In developing economics the flying geese paradigm was the view of Japanese economists upon the technological development in Southeast Asia viewing Japan as a leading power. It states that manufacturing companies act like migrating geese, flying from country to country as costs and demand change. Factories from a leading country are forced by labour-price pressures to invest in a follower country, helping it accumulate ownership and move up the technology curve. This movement shifts the bulk of economic activity in the follower country from low-productivity agriculture and informal services to high-productivity manufacturing. The follower country eventually becomes a leading country, spawning companies in search of new production locations. The paradigm offers a convincing model of how Asian economies developed—in a chain from Japan to the Asian Tigers to China – see image above.
It describes not only the movement of companies from country to country, but also a process of industrial upgrading from product to product within each country – see image below. First a few companies show up to try their hands at making a certain product. As they learn, their profits attract other manufacturers of the same product. But as the field gets crowded, intensifying competition and thinning profits, some companies look for something else to make—this time something slightly more complicated and thus harder to copy. As the cycle repeats, companies that started by copying and learning are inventing and teaching a mere generation or two later. An analysis of 148 countries shows that as GDP rises, manufacturers within a country predictably move toward ever more complicated products. In another decade or two, factories in Africa will be churning out computers instead of ceramics and clothing.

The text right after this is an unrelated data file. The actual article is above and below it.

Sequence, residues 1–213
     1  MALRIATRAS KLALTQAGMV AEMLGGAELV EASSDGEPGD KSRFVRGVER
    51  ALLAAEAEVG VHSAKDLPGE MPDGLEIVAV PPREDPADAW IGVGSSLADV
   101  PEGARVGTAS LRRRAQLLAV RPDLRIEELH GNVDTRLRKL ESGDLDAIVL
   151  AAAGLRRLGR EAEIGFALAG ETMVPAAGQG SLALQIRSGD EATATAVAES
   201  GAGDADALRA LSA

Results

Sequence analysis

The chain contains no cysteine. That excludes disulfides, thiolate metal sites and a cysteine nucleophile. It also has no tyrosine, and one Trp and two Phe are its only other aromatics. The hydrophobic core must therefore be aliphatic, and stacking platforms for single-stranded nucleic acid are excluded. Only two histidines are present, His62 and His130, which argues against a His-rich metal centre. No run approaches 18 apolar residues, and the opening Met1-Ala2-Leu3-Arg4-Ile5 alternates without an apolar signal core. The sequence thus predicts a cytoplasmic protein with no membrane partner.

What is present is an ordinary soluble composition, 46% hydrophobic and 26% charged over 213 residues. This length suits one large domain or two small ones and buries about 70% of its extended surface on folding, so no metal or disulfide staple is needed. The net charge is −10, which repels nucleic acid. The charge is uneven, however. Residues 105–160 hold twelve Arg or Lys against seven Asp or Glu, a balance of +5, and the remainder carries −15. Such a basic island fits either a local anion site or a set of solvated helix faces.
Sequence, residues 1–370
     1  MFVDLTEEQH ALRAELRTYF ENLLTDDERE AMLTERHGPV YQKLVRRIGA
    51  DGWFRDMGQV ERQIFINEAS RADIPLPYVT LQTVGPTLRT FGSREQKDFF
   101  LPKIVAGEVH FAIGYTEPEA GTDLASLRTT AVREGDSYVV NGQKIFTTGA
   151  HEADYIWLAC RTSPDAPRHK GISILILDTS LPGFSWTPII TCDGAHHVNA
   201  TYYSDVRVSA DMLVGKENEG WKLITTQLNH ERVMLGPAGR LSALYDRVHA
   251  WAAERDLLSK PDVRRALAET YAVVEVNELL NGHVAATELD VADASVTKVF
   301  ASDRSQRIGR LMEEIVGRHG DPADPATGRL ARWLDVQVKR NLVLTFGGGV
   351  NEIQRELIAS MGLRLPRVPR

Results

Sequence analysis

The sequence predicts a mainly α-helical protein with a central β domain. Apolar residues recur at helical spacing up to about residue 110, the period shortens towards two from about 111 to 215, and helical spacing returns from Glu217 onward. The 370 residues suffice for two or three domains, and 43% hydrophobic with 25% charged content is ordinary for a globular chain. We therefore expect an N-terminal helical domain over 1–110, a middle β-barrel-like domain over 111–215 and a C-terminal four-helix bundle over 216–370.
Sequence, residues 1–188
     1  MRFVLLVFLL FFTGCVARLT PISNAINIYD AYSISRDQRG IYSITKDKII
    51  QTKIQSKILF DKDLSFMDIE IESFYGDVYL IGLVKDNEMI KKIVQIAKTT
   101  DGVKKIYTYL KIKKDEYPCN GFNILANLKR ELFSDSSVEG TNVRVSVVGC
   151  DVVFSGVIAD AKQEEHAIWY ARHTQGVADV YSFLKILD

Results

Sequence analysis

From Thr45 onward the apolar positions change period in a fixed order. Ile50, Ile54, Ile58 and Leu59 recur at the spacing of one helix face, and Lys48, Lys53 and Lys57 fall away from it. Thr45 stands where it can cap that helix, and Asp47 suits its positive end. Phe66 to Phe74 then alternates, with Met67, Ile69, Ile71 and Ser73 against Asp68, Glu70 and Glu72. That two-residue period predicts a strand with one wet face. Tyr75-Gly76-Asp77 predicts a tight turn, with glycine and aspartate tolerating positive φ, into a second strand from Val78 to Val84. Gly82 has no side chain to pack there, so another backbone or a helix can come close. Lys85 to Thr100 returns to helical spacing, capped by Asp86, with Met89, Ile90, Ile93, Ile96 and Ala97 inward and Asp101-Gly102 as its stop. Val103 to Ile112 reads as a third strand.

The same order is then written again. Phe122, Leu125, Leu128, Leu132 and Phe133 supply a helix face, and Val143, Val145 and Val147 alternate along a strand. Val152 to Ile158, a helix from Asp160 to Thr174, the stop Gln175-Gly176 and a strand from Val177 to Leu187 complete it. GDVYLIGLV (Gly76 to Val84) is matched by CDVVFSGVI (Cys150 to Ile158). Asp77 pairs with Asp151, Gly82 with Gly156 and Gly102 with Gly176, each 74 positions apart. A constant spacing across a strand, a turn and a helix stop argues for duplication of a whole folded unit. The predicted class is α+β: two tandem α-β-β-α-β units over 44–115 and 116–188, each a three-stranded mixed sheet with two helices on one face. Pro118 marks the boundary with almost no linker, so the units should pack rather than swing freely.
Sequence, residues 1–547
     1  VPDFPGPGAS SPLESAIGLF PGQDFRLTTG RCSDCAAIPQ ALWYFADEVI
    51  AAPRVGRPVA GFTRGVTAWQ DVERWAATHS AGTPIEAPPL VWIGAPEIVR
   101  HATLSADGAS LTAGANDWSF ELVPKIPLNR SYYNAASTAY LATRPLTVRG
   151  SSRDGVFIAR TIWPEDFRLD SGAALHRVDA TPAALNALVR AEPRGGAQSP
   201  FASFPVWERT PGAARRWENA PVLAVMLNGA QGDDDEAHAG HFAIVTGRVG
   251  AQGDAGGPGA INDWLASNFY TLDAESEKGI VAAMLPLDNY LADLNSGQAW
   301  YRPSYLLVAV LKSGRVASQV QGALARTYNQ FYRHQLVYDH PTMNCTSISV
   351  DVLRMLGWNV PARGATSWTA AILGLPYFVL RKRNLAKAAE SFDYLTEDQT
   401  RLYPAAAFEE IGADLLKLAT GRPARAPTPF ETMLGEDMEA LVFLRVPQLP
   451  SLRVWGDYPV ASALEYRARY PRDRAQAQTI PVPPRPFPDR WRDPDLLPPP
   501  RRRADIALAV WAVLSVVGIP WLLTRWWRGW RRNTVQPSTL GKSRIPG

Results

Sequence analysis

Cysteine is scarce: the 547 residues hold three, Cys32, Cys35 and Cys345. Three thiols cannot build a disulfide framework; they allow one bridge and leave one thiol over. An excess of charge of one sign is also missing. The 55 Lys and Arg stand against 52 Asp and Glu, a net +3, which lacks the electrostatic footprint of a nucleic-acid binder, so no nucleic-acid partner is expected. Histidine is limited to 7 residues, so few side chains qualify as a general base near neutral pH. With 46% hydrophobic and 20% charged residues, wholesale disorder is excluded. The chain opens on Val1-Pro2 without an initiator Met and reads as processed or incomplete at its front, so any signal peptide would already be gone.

Investment in manufacturing key to Africa’s development
For any economy to develop being more productive in the long run is the only way to create a higher standard of living. Manufacturing tends to become more productive over time as there is overseas competition from imports as well as having to compete in the export market. Furthermore manufacturing investment has a big multiplier effect – research shows that for every manufacturing job created, 1.6 service jobs follow.
Industrialization will allow Africa to follow in the footsteps of Japan, South Korea, Taiwan, and China: to build factories that employ its booming population and to refashion its institutions to meet the demands of modern capitalism. Most important, it will provide a real chance to raise living standards across broad sectors of the populace. If Africa could lift just half as many people out of poverty as China has in a mere three decades, it will eliminate extreme poverty within its borders. For nearly 400 million people, that would mean the difference between going hungry and being full, between scrounging for work and holding a steady job, between asking their children to do menial labor and sending them to school. The Chinese showing up in Africa today don’t doubt that this will happen. As one of them, who is working to build a special economic zone in Nigeria, said to me: “This is exactly like my hometown 30 years ago. If we could do it, then so can this place.”
Harvard Business Review ‘The World’s Next Great Manufacturing Center’ by Irene Yuan Sun. May-June 2017
ANZ Bank – ‘ASEAN – The Next Horizon’ – June 25th 2015